This paper, a tentative approach by someone who is not an expert in this area or on this text, argues that Guillaume de Lorris offers a veiled description of a male to male love relationship. Jean de Meun then redescribes Guillaume's text, extending it with debates and digressions that focus, among other matters, on the issue of natural and unnatural love, and supplying a heterosexual ending while nevertheless remaining ambivalent with regard to the female sex. Although there are other interpretive paths that provide entrees into the homosexual concerns in the text, the path that I would like to pursue begins with John Boswell's argument that homosexual behavior was reinterpreted in late twelfth and early thirteenth century Europe as unnatural and even horrific.
Canon law and ecclesiastical councils had, by the end of the twelfth century, effectively stigmatized homosexuality. As early as 1120 an ecclesiastical council in Jerusalem (Nablus) prescribed burning for sodomy. Third Lateran (1179) recommended, however, confinement to a monastery for penance for clerics (and excommunication for laity), and this recommendation was incorporated into the Decretals of Pope Gregory IX in 1234. A spate of local synods, many from northern France (Paris, 1196 and 1212; Rouen, 1214 and 1235; Bezier, 1246; Le Mans 1247; Clermont 1268) followed with similar legislation against sodomy. Further ecclesiastical restrictions can be found in monastic regulations; the Dominicans, Carthusians and Cistercians all focused on building prisons for sodomites by the beginning of the thirteenth century.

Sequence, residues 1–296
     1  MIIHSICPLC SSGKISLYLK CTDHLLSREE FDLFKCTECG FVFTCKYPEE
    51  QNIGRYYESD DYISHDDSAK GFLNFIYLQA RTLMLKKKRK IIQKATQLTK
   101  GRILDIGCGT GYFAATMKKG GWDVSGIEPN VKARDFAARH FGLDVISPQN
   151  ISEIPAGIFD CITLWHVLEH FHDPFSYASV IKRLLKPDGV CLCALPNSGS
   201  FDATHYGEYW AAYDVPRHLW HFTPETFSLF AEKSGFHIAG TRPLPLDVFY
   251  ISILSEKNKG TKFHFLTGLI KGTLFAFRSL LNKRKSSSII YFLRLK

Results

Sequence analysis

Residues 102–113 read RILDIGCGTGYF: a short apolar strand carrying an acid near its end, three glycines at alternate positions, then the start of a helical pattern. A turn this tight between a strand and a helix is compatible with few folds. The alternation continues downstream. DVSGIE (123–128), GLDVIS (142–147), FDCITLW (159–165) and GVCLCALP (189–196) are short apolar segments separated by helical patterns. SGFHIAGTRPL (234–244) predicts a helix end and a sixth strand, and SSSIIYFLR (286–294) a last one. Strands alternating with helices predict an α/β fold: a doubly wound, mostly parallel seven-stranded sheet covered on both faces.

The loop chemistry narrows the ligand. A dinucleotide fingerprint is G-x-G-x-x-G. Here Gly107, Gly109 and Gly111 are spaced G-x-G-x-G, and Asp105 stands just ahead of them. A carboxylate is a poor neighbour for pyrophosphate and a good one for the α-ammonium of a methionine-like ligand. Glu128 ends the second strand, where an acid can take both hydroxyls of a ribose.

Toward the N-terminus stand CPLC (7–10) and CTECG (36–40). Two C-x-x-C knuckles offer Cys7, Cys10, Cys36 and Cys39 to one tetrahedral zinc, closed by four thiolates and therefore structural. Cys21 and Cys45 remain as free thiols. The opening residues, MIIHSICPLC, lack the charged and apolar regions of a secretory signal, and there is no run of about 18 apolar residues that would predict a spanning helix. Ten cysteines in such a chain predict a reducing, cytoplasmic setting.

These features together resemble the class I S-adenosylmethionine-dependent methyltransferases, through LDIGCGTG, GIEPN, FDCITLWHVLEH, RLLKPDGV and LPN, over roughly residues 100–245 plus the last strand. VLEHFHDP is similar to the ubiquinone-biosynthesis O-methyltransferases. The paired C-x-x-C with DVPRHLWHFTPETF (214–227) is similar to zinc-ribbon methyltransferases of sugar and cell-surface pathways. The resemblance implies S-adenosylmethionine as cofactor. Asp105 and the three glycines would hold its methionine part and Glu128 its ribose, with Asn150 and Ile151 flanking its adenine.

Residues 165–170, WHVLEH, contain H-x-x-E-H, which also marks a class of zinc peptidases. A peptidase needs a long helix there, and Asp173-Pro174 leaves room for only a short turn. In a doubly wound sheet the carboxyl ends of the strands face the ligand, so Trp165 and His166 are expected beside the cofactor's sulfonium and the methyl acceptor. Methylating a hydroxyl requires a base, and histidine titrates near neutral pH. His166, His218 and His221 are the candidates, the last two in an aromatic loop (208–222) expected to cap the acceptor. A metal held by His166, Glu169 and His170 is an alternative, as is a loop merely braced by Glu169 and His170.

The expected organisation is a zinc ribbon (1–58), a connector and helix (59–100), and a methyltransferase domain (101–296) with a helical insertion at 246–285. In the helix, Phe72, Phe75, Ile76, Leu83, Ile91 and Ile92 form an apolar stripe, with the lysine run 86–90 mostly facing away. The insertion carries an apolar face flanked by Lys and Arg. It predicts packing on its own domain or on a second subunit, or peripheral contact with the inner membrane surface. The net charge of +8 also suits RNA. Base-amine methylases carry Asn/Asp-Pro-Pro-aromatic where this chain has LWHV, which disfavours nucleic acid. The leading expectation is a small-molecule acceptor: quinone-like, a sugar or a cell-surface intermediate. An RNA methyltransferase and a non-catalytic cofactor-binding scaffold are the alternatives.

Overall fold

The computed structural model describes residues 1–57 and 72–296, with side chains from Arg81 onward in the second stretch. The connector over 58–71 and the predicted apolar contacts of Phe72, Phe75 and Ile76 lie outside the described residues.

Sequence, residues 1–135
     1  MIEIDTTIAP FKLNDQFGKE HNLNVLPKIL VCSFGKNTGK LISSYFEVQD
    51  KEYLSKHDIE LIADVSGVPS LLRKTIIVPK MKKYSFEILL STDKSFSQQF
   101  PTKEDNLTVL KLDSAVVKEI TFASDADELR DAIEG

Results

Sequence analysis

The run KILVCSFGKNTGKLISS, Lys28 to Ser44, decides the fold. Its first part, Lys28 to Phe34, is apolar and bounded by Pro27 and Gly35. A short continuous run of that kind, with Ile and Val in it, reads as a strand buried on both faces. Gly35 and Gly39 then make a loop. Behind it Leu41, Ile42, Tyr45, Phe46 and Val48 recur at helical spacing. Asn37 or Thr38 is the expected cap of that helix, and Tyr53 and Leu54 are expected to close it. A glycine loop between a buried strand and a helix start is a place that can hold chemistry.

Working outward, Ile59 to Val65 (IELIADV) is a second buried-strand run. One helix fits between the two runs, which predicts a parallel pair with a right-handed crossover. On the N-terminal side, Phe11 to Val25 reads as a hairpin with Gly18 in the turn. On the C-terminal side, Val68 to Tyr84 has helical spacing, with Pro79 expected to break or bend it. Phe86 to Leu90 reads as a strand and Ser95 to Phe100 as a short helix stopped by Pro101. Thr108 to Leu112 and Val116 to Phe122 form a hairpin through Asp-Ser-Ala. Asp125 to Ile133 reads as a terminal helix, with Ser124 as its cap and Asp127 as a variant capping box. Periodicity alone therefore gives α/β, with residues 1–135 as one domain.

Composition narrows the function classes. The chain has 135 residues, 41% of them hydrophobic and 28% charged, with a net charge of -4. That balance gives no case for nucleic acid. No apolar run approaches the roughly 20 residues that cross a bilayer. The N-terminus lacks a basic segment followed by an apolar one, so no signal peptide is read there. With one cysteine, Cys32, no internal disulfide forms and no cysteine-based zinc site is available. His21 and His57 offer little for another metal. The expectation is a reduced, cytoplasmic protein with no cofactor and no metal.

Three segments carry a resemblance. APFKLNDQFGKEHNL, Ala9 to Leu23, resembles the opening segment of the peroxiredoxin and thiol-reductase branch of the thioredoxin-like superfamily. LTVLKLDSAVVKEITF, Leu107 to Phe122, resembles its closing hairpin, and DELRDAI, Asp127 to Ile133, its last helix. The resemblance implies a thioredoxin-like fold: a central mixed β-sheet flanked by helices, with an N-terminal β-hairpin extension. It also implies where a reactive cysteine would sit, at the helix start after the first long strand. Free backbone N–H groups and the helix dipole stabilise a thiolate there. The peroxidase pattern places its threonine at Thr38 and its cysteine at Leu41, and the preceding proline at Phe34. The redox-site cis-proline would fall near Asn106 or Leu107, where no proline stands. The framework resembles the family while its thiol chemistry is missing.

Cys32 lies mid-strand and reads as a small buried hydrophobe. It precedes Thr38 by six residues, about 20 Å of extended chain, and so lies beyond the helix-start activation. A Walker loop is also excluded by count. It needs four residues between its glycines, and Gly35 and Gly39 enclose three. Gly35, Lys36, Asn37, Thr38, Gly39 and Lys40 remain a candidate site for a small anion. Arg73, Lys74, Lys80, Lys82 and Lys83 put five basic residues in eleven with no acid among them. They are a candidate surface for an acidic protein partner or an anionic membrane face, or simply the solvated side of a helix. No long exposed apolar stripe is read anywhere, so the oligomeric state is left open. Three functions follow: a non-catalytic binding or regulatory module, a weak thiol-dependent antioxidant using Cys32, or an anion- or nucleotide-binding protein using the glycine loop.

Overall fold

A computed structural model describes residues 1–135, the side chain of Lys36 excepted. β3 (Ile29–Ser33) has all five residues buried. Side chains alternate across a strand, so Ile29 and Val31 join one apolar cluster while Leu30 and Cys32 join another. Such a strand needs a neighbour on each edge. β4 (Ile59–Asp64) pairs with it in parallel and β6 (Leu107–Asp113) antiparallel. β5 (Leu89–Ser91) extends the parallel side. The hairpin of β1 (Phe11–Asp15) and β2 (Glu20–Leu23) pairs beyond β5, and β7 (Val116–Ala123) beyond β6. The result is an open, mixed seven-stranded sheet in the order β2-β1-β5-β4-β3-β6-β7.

The Church could not, of course, mandate capital punishment. But in the thirteenth century a growing number of secular authorities, particularly in northern France, did. Justinian's Institutes, that elementary introduction to Roman private law which became increasingly well-known with the rediscovery of the Digest, the revival of Roman law and the institution of legal teaching at the universities, must be partially responsible for the punitive legislation directed at homosexuals. The Institutes record the lex Julia de adulteriis which punished with death those who give themselves up to works of lewdness with their own sex. ("eos, qui cum masculis infandam libidinem exercere audent.") By the thirteenth century draconian laws were being passed in Spain, laws such as those of Alfonso IX that decreed castration followed by hanging by the legs until dead. Portugal followed suit. In Italy, the city of Bologna in 1288 called for death by burning, as did the city of Siena. In France, Louis IX (1226-1270) decreed death by burning for "bougerie", following upon a similar law from Touraine-Anjou. By 1283 these laws were incorporated into the Coutumes de Beauvaisis of Philippe de Beaumanoir. At Orleans, in particular, new thirteenth-century laws (dated c. 1260) prescribed castration for punishment of a first offense for sodomy and with subsequent offenses "il doit perdre membre. Et se il le fet la tierce fois, it doit estre ars." One is reminded that both Guillaume de Lorris and Jean de Meun came from near Orleans.